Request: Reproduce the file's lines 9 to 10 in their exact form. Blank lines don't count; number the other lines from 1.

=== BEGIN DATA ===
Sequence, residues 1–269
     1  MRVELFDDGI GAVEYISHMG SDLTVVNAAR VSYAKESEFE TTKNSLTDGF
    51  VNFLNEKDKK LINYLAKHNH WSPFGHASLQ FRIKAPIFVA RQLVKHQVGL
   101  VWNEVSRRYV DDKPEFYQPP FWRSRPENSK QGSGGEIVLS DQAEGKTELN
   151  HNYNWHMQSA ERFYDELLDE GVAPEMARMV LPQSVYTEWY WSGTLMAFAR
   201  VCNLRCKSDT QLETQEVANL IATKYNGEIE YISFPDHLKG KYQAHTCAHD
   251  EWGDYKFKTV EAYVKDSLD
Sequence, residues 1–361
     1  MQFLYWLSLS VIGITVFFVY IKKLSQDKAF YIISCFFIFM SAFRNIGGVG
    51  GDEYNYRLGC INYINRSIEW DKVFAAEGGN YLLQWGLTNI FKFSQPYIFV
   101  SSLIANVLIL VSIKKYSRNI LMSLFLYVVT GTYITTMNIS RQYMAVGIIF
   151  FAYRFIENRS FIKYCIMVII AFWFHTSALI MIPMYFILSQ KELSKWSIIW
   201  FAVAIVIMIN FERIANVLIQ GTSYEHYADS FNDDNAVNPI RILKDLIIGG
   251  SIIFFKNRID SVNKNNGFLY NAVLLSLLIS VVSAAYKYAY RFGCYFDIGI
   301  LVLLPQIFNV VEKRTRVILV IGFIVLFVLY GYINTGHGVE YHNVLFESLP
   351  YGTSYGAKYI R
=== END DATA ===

     1  MQFLYWLSLS VIGITVFFVY IKKLSQDKAF YIISCFFIFM SAFRNIGGVG
    51  GDEYNYRLGC INYINRSIEW DKVFAAEGGN YLLQWGLTNI FKFSQPYIFV